Environmental legislation will continue to influence the power generation industry over the next eight to 38 years, as countries approach carbon footprint or greenhouse gas emission targets for 2020 and 2050, which could open an opportunity for OEMs and chemicals suppliers to provide energy-efficient solutions for existing and new power plants.
Shifting fuel trends
Nuclear energy is zero carbon, but the high cost of investment, along with post-Fukushima safety concerns and demands from private sector contractors for uneconomic subsidies, have undermined government support. The burning of fossil fuels shows no signs of abating. Energy diversification has become a key driver and coal is now the main power source supporting economic growth in Asia and other emerging markets.
Vast reserves of coal lie under regions such as China and Indonesia. Meanwhile, low-cost shale gas has reinvigorated the US energy market.
But new, clean energy sources such as solar and wind – which are uneconomic without subsidies – are intermittent and require boosting with other conventional forms of generation to meet demand. Collectively, they generate just over 1 per cent of global energy needs.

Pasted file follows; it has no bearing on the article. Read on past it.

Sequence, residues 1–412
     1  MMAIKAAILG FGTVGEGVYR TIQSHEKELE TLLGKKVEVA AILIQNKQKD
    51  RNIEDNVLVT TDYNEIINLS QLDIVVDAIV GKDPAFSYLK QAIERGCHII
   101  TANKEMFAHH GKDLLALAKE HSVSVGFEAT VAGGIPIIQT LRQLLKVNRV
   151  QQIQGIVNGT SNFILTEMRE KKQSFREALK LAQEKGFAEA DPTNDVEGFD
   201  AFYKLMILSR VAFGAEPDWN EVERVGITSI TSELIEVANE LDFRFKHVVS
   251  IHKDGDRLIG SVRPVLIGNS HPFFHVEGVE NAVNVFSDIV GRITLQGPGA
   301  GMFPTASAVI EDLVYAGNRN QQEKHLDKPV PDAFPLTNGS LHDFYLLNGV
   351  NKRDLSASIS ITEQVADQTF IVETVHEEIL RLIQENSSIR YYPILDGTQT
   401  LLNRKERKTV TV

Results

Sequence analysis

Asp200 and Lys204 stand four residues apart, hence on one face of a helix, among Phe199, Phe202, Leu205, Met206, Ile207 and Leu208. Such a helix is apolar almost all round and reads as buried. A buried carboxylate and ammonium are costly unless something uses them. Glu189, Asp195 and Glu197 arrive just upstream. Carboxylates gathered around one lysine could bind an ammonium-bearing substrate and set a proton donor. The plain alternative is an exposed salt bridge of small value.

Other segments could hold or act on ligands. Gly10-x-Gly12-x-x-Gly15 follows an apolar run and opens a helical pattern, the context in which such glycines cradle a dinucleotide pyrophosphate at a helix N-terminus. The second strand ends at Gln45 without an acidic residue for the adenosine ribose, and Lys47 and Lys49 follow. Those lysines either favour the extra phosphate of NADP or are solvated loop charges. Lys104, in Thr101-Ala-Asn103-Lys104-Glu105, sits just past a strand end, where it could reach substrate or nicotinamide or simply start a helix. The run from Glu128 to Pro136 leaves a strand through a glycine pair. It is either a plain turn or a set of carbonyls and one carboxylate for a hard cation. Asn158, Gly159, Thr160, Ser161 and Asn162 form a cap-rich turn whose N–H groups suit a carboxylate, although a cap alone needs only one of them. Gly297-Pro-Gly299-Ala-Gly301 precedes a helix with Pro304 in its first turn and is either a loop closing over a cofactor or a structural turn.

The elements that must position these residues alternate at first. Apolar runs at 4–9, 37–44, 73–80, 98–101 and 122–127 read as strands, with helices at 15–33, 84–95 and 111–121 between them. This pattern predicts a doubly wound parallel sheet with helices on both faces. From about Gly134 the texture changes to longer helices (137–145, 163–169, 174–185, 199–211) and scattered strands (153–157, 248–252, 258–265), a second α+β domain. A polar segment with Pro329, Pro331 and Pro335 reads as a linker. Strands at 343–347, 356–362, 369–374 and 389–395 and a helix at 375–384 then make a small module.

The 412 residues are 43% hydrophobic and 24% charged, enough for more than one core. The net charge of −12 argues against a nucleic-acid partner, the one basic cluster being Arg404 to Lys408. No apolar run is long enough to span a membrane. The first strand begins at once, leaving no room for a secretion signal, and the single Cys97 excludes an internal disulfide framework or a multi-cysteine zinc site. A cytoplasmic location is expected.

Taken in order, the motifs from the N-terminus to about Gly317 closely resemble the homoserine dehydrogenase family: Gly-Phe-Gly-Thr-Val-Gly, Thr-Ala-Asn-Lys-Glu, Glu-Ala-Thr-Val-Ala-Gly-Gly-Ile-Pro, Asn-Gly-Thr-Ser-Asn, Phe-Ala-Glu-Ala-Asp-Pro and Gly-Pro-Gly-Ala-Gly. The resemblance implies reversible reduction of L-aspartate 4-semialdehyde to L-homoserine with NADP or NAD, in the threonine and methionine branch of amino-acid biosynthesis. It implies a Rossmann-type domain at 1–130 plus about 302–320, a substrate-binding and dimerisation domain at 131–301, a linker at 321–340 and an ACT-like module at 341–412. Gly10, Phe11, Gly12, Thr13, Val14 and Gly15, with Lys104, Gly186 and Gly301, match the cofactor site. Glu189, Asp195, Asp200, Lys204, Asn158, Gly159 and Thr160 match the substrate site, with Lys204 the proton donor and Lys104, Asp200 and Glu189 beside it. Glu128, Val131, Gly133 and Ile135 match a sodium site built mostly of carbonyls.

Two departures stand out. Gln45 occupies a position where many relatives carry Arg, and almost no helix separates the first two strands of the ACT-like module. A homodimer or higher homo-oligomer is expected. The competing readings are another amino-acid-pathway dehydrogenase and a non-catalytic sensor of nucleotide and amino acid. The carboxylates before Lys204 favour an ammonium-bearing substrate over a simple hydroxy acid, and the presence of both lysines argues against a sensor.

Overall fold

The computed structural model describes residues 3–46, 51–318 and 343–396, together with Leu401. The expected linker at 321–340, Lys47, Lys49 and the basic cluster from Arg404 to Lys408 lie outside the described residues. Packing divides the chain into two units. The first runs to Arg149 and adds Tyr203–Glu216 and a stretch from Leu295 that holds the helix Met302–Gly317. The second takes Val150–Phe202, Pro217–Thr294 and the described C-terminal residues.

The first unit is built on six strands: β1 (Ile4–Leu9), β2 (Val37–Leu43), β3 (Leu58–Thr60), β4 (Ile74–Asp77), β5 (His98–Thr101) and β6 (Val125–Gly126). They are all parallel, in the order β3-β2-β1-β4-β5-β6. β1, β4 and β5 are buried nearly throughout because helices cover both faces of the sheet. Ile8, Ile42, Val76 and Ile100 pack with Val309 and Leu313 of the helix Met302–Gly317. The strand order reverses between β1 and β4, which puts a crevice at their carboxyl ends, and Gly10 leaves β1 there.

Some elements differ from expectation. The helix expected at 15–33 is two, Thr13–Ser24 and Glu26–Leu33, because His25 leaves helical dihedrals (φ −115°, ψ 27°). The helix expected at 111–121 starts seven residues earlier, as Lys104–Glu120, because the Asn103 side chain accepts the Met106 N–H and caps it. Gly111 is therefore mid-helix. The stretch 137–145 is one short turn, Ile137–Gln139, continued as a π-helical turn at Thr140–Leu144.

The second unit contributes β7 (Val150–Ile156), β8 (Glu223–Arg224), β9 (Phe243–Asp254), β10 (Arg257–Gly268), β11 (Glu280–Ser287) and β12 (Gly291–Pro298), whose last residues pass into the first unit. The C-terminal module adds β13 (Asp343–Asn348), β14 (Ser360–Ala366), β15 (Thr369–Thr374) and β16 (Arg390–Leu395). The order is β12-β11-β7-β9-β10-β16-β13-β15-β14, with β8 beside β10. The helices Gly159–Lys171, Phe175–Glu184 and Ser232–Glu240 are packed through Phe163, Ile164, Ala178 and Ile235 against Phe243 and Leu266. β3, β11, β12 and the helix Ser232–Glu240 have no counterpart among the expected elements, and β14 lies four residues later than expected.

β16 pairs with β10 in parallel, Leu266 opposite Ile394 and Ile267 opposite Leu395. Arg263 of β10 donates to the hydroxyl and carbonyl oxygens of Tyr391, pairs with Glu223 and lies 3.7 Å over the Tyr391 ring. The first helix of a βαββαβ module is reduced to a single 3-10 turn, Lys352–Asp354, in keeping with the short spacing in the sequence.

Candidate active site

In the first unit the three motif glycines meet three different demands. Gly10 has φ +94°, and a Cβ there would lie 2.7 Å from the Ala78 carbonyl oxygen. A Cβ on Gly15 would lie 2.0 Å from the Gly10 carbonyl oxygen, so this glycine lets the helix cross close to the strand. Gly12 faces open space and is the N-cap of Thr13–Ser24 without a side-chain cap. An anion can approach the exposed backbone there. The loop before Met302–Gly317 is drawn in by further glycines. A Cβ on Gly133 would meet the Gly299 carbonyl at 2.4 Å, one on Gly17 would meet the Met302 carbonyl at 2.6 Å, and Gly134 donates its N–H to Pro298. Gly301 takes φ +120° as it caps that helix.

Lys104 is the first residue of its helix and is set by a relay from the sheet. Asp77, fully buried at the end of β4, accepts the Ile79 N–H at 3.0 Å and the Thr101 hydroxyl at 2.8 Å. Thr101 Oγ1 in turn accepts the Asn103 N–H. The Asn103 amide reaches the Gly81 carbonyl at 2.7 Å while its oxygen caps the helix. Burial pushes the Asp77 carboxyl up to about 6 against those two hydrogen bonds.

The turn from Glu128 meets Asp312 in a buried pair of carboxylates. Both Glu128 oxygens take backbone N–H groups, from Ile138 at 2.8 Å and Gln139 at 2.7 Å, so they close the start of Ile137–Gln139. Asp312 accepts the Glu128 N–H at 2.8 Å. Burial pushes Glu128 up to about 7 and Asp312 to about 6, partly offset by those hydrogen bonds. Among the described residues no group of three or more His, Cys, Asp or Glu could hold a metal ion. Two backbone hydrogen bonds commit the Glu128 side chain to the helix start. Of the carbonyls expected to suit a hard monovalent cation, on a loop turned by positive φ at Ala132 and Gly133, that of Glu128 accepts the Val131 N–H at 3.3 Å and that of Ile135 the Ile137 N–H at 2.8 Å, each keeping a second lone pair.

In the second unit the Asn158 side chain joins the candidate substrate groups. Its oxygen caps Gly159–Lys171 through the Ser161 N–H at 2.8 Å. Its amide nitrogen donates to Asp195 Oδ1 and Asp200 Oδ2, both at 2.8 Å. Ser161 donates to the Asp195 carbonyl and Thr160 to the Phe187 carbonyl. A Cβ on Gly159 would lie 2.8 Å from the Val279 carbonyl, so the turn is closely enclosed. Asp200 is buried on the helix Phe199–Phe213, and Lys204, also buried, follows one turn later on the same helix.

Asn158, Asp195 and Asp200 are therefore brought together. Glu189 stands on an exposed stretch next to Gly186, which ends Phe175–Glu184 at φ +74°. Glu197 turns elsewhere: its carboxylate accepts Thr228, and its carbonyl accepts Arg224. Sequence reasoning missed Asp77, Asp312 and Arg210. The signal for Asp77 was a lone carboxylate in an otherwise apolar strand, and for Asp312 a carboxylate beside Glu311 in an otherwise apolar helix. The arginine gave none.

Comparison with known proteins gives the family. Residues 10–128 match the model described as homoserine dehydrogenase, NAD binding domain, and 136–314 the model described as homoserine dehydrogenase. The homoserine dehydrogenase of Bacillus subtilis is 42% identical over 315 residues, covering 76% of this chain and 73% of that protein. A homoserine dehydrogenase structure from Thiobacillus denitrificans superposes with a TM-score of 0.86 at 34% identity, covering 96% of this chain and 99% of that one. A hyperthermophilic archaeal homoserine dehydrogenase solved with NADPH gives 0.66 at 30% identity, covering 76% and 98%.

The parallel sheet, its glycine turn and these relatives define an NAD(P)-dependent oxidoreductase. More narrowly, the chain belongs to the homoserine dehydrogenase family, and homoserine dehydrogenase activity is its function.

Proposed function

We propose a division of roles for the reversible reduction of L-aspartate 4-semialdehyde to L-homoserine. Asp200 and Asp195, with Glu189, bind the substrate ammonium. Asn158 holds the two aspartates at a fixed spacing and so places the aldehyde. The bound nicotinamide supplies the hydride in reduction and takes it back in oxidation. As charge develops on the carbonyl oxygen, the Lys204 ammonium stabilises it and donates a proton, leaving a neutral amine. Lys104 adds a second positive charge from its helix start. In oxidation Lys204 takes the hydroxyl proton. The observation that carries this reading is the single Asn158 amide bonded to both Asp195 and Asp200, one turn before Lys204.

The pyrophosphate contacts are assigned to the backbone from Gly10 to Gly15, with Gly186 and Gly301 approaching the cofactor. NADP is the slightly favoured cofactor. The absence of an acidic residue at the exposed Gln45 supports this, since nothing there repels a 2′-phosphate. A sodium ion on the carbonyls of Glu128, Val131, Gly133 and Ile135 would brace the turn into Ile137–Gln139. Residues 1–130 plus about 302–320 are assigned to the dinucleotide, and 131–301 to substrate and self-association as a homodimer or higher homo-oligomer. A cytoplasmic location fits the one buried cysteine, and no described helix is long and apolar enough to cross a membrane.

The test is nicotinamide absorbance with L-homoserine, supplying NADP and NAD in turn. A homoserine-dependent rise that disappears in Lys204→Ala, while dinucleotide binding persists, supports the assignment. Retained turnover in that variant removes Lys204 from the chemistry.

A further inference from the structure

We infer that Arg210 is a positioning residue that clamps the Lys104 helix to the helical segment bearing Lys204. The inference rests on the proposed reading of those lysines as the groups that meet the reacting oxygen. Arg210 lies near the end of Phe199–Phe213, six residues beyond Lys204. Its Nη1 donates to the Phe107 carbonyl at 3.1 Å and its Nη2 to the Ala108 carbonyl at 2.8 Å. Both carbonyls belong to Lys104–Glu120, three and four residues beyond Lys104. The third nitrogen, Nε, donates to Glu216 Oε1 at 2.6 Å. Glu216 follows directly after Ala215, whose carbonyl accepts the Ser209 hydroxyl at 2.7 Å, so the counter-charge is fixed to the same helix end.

This all ensures fossil fuels will continue to dominate the landscape for at least the next generation. “Fossil fuels will remain the largest contributor to the energy mix in the decades to come, especially due to growth in China, India and Asia Pacific,” says Lothar Balling, head of gas turbine power plant solutions in the Fossil Power Generation Division of Siemens Energy.
Reliance on fossil fuels is underpinned by rising global demand for electricity to drive economic growth. “By the year 2030, annual electricity consumption worldwide is expected to rise from today’s level of 20,000 billion kWh to 37,000 billion kWh,” adds Balling.
Auto-generation and decentralised plants using reciprocating engines will also become more important, particularly in countries without an adequate transmission network, such as in Africa, where industries need to generate their own power for security of supply.
Kentaro Hosomi, general manager of the Business Development and Strategic Planning Department at Mitsubishi, believes the European economic downturn has slowed the installation of carbon dioxide (CO2) limiting technology: “When the European economy was growing, everybody thought this was coming very soon because countries could afford to pay for such technology, but now it seems that this is going to be delayed.”
Indeed, signs that economic support for renewables may be falling started to emerge in July when the UK government announced a 10 per cent reduction on subsidies for wind and other renewables, accompanied by a ‘dash for gas’ tax break. This and the lower cost per MW of combined-cycle gas turbines, promptly triggered an investment decision by British Gas/GDF Suez. Gas already accounts for 40 per cent of UK electrical energy generation and is now set to add 49 GW of additional capacity by 2020.